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Martin Rev:
The Sum of Our Wounds

Martin Rev initially explored free jazz and similarly free forms of musical expression before discovering the magnetic attraction of electronic production and instrumentation, enabling him to create music in a wholly independent and autonomous environment.

Using the most rudimentary equipment, he grafted the roots of rock’n’roll into the process of combining effects and devices to generate electrified sounds, the likes of which had never been heard before. This music would map out the way forward not only for Suicide, but also for a fascinating solo career.
Martin Rev’s predilection for experimentation knew no bounds. At home, he played around with rough ideas, trying out all manner of variations and colorations. These tape recordings provide a captivating insight into his modus operandi, often representing the early stages of what would later become Suicide tracks or cuts on Rev’s solo albums.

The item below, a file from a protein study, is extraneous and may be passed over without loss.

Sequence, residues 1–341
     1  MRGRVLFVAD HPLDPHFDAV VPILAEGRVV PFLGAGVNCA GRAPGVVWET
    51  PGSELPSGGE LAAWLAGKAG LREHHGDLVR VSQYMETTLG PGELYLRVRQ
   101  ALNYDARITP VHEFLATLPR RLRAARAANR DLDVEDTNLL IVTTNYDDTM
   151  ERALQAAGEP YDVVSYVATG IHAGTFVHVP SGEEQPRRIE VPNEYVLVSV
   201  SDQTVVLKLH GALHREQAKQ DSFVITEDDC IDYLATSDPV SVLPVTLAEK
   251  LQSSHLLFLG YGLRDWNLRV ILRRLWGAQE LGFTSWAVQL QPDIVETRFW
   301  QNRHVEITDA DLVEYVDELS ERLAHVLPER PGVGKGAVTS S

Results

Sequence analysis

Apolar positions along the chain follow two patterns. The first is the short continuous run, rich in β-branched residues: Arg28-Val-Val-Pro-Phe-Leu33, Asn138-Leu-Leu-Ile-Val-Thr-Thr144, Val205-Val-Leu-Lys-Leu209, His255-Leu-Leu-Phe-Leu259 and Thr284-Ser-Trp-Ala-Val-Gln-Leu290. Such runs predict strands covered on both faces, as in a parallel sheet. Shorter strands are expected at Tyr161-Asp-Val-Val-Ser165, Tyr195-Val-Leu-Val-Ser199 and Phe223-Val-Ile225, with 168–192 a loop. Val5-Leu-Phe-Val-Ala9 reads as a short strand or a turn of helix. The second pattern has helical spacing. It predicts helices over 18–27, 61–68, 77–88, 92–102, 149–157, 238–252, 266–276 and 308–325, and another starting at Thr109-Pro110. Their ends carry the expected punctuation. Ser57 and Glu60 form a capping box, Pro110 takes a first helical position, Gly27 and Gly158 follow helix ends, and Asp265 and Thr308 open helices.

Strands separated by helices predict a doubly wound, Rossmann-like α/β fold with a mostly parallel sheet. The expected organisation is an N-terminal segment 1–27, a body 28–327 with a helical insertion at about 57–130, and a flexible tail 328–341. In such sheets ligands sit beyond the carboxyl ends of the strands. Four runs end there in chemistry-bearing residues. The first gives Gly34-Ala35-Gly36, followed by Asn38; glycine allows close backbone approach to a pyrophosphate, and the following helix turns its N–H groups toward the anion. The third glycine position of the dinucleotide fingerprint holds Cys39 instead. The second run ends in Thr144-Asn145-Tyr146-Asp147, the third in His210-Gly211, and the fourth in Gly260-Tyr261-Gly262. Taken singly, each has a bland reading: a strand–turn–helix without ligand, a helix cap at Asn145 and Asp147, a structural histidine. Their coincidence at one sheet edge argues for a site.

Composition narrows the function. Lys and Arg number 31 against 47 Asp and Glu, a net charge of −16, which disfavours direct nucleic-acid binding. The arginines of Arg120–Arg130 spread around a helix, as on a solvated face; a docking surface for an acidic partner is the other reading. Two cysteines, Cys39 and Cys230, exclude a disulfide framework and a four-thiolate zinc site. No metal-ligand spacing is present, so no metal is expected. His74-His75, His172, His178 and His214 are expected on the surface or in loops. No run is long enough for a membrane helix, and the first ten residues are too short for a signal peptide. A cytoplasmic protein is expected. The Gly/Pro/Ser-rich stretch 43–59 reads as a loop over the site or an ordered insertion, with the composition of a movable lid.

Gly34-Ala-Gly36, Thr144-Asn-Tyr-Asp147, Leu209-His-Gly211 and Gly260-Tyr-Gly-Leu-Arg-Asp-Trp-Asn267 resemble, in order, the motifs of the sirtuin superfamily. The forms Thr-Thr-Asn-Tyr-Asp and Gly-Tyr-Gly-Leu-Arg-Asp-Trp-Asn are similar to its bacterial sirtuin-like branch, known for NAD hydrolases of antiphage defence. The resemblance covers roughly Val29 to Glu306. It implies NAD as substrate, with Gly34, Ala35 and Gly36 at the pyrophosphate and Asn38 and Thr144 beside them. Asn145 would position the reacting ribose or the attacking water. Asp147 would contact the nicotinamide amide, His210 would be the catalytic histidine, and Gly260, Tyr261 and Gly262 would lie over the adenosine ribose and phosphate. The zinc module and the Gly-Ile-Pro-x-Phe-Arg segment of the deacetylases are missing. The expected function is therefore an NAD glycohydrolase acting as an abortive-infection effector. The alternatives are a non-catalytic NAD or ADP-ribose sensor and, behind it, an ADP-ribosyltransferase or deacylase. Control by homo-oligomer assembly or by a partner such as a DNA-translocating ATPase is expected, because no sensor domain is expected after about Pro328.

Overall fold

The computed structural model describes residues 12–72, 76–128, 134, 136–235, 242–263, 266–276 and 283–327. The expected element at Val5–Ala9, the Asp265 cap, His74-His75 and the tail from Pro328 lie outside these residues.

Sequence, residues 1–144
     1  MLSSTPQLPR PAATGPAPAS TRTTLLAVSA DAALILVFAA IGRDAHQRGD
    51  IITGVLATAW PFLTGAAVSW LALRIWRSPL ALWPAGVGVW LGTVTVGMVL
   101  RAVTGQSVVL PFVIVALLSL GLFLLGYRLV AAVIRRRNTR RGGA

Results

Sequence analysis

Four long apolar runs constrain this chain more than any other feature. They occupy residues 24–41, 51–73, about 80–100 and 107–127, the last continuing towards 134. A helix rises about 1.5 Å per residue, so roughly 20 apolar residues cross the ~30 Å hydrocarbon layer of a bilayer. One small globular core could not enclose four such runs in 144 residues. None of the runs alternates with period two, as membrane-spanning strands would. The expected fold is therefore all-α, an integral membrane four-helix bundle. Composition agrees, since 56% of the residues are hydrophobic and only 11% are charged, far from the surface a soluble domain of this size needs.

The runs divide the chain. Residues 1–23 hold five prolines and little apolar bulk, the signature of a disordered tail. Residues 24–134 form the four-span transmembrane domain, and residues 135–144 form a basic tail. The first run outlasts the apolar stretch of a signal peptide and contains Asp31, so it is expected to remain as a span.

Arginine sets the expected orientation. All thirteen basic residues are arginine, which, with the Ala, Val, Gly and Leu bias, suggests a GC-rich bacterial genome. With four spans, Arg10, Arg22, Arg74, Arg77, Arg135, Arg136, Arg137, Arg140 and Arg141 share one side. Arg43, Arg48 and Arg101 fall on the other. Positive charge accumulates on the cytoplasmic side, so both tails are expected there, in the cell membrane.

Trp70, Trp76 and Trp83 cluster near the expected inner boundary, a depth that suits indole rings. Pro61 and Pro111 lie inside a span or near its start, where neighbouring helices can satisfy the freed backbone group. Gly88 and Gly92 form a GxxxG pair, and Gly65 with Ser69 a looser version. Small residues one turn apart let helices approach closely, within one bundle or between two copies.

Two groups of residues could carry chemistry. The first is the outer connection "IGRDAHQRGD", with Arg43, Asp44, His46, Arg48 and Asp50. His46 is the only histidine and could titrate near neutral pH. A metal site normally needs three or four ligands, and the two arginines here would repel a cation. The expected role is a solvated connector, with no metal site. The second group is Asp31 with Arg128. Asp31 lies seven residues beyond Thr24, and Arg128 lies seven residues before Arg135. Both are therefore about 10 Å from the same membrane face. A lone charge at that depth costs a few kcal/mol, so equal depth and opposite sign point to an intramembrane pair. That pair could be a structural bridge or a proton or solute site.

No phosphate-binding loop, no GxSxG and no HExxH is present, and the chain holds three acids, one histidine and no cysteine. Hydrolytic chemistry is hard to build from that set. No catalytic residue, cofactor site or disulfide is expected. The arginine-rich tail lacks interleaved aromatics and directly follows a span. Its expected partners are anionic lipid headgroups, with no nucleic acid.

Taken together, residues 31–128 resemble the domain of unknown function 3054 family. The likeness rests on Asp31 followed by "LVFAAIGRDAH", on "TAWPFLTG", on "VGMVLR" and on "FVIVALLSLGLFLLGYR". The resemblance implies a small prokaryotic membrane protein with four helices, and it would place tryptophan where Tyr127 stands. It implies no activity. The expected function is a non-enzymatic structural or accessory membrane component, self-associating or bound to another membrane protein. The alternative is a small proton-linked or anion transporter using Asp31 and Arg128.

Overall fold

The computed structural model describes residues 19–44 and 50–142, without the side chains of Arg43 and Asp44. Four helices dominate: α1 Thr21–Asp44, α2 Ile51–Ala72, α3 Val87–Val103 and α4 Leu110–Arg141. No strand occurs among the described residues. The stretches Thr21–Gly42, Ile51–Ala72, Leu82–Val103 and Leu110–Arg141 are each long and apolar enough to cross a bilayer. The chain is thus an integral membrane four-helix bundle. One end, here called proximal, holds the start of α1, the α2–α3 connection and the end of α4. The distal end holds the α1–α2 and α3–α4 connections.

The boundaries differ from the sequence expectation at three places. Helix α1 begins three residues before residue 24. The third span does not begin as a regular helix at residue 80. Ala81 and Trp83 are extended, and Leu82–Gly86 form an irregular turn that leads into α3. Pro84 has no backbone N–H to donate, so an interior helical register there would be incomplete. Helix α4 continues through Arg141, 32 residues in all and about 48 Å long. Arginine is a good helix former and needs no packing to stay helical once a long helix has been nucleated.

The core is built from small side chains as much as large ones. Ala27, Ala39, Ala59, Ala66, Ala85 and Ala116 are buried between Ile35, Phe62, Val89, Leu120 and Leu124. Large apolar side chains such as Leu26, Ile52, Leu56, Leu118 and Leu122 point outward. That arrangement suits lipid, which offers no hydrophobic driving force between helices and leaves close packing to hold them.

Spanning the period 1973 to 1985, the recordings on “The Sum of Our Wounds” are much more than a collection of demos and outtakes. One has the sense of listening to a rounded album of familiar compositions, now portrayed in a completely new light. The brittle fragility of these cassette pieces reveals a deep-lying sensitivity, like a collection of wounds.
Martin Rev himself remains as transfixed as ever by these recordings, as if he could immediately pick up where he left off and continue to expand on the ideas that came to him decades ago: »They often have a certain freshness or unpolished energy here… and (there is) always scope for new ideas, to be derived from them as a whole or even in small areas.«
The cassette medium proves to be more than a means to an end – the tape recorder itself has a role to play as an instrument, the ideal basis for an artist who understands how to condense an idea into its fundamental elements: »The cassette sound, with its individual peculiarities, many even thought of in terms of inferior sound, can have an interesting dynamic. Maybe especially in certain minimal contexts when they are not being overloaded. Although they often seem to take on a lot of texture as well and with a warm response.«
And so these snapshots can be seen as stages of a ceaseless evolution, one we are allowed to witness as we sit alongside Martin Rev at the tape deck, listening as he captures the sounds of the unquiet city.

– Daniel Jahn, June 2023

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